I have to say that I know that there are pastors and there are pastors, and there are chapter and there are chapters, even within the same denomination. Different chapters that I went to in Redeemed would be “better” or “worse” depending on how they emphasised or de-emphasised the person of the General Overseer, or the infallibility of the Sunday School manual.

Some Many…most…the overwhelming majority of Redeemed pastors were holy, humble and godly Christian leaders of the calibre you would find in any excellent Christian organisation. ¬† The remaining pastors blatantly used their church chapters as vehicles for their own personal ambition – actually, this was only one person, to be honest. (Perhaps I would have grown to become disillusioned with some of the other pastors too, if the chance had developed to get to know them as well as I got to know that one pastor. Equally you could suggest that perhaps I also left many people highly disillusioned with me – but I am confident that I acted to the utmost and outstanding levels of integrity – apart from one big mistake on my own part and a few (3) spectacular, public displays of anger – and towards the end I wasn’t overly conscientious about trying to hide what I really thought about….erm….) I sometimes ask myself whether I was just unfortunate¬† to “land badly” at that particular chapter, whether I would have considered the whole movement¬† a viable place to remain if I had “landed” at another chapter of the movement.¬† Or maybe the opposite is true.¬† Maybe I was actually extremely fortunate to land at that chapter – otherwise if I had landed elsewhere it may have taken me longer to acknowledge and act on the truth, and like others I may only have left after 10 regrettable years.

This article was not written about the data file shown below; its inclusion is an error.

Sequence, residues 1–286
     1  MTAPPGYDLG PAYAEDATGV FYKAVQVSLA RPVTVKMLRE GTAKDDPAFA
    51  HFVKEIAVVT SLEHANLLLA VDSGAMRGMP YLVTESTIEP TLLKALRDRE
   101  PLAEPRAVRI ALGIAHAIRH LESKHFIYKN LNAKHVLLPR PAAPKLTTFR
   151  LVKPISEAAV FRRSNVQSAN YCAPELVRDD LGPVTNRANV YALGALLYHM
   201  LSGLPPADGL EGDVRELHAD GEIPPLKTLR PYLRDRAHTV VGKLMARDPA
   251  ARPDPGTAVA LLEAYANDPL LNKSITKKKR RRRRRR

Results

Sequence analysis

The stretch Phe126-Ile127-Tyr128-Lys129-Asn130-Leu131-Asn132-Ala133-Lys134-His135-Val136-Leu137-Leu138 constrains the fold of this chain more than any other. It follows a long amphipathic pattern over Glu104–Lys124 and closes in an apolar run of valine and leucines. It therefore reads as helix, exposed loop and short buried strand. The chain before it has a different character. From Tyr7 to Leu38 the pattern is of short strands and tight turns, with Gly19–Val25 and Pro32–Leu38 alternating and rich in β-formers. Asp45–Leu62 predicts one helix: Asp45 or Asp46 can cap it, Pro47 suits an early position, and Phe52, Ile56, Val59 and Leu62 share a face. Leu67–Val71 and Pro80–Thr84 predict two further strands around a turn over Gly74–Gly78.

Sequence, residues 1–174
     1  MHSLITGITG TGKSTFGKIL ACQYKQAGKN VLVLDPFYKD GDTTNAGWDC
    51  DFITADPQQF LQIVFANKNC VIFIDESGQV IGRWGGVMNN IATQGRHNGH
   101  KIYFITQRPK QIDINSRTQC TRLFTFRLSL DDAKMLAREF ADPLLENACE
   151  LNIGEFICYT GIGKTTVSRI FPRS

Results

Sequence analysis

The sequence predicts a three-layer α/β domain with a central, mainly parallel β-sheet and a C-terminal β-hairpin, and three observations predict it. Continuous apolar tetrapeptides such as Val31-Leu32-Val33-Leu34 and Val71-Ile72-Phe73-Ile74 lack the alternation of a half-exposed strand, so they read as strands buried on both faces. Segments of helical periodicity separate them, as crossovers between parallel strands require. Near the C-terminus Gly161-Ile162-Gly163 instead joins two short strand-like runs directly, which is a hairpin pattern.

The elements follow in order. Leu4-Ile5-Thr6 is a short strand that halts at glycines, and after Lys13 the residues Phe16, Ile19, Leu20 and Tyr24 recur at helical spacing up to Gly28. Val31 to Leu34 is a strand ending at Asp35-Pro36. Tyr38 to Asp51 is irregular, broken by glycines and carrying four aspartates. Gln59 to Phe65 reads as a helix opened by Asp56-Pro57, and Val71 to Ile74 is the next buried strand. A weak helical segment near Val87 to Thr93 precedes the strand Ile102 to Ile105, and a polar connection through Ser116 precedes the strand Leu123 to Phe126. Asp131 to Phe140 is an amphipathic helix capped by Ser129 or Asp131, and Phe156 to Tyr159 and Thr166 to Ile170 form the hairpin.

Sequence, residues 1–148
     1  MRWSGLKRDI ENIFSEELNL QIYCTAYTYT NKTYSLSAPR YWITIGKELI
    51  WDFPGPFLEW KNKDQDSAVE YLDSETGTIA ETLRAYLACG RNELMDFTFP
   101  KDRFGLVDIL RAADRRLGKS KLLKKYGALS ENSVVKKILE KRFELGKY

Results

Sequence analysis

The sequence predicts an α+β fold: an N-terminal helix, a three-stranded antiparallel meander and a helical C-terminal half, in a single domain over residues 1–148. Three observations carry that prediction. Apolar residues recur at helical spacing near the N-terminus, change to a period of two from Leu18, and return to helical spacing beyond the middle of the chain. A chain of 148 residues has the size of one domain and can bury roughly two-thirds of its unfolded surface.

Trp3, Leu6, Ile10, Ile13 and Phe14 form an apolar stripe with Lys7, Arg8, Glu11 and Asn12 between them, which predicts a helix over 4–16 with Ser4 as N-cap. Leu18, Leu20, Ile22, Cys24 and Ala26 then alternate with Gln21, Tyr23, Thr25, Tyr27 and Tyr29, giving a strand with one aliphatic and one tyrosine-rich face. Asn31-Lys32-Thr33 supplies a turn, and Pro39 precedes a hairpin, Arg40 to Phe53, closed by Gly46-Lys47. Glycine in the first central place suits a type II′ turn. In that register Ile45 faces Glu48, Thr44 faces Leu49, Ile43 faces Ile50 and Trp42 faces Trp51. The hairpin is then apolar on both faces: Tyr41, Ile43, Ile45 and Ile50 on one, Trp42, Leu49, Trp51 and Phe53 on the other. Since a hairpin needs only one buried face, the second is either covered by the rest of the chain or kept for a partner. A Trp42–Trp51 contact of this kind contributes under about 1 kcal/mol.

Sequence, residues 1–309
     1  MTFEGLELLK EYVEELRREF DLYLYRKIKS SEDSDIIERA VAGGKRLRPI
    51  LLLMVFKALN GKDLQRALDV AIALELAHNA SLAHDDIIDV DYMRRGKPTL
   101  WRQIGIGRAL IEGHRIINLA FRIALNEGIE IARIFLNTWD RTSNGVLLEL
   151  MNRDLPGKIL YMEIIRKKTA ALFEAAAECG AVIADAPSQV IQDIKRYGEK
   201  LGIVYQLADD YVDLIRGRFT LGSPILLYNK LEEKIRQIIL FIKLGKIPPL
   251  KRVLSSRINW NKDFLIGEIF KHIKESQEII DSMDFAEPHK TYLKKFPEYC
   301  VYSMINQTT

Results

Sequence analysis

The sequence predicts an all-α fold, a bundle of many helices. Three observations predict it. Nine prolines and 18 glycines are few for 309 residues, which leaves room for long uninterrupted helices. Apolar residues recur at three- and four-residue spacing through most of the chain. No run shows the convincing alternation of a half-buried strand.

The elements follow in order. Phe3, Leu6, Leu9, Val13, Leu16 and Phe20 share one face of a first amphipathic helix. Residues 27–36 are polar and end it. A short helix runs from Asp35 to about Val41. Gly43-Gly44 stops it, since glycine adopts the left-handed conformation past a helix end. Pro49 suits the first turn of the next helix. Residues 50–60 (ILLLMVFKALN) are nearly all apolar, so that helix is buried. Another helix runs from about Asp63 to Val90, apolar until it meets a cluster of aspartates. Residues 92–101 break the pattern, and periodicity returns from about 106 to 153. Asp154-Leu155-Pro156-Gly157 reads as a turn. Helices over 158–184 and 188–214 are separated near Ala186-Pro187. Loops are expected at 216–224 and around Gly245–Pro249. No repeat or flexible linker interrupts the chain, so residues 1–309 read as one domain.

In that particular chapter, the Almighty God Himself proved to be zero insufficient competition to the supremacy of the G.O.¬† Everything was “The G.O. says this, the G.O. says that!”¬† I wrote the tithing article in response to a statement that “The G.O. says that you will go to hell if you don’t pay tithes”.¬† Apart from actually reading the Bible, God was only acknowledged to help “encourage” members to give money or time**.¬† That is, I (and once again, I was always the one!) would protest constantly about the endless requests to give (money) or to serve (within the church).¬† Then the answer would be “Don’t you want to give money to the work of God?!¬† Don’t you want to give time to the work of God?!”¬† However, when that purpose had been attained, when the idea of God had been roped in to coerce us to give or to serve, then we could expect to forget all about God once again and go back to focusing on “The G.O. says this, the G.O. says that…”
[**Actually on reflection, this is a bit unfair, it was not quite that bad.¬† Perhaps the G.O. generously shared his glory with God in a 60/40 split.¬† The person of Jesus, however, was rarely mentioned; once I actually set out to count the number of references to Jesus versus the number of references to the G.O.; I think in a whole month Jesus was not mentioned once.¬† Sadly I did not seriously keep track so I cannot categorically say that that was the case. Certainly whole services would go by without any mention of the name of Jesus. [The pastor had this thing where he would shout, very loudly “Everybody say “Jesus!”¬† Everybody say “Father!”” He would do that at least once or twice a service – and then when the congregation was standing he would often invite it to sit down by saying “Please be seated with Christ Jesus in heavenly places!” – a reference to Ephesians 2v6.]]